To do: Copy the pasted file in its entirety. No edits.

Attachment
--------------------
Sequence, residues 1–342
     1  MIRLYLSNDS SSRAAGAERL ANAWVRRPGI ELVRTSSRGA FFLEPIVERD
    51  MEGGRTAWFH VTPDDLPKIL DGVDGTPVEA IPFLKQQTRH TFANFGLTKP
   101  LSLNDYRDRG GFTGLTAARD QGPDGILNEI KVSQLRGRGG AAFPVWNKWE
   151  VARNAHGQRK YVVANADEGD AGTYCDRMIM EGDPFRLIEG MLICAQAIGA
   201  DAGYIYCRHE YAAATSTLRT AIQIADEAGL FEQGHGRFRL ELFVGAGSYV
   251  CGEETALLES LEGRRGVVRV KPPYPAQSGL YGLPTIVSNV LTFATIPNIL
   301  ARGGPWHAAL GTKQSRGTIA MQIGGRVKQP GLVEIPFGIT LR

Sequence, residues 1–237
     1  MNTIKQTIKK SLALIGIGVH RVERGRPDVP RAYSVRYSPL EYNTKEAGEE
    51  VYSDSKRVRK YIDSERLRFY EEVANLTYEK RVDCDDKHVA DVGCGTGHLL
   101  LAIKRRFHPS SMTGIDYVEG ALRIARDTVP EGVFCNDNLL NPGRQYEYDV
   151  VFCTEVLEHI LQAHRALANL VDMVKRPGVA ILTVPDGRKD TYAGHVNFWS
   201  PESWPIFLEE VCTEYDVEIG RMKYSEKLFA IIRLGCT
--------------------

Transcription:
Sequence, residues 1–342
     1  MIRLYLSNDS SSRAAGAERL ANAWVRRPGI ELVRTSSRGA FFLEPIVERD
    51  MEGGRTAWFH VTPDDLPKIL DGVDGTPVEA IPFLKQQTRH TFANFGLTKP
   101  LSLNDYRDRG GFTGLTAARD QGPDGILNEI KVSQLRGRGG AAFPVWNKWE
   151  VARNAHGQRK YVVANADEGD AGTYCDRMIM EGDPFRLIEG MLICAQAIGA
   201  DAGYIYCRHE YAAATSTLRT AIQIADEAGL FEQGHGRFRL ELFVGAGSYV
   251  CGEETALLES LEGRRGVVRV KPPYPAQSGL YGLPTIVSNV LTFATIPNIL
   301  ARGGPWHAAL GTKQSRGTIA MQIGGRVKQP GLVEIPFGIT LR

Sequence, residues 1–237
     1  MNTIKQTIKK SLALIGIGVH RVERGRPDVP RAYSVRYSPL EYNTKEAGEE
    51  VYSDSKRVRK YIDSERLRFY EEVANLTYEK RVDCDDKHVA DVGCGTGHLL
   101  LAIKRRFHPS SMTGIDYVEG ALRIARDTVP EGVFCNDNLL NPGRQYEYDV
   151  VFCTEVLEHI LQAHRALANL VDMVKRPGVA ILTVPDGRKD TYAGHVNFWS
   201  PESWPIFLEE VCTEYDVEIG RMKYSEKLFA IIRLGCT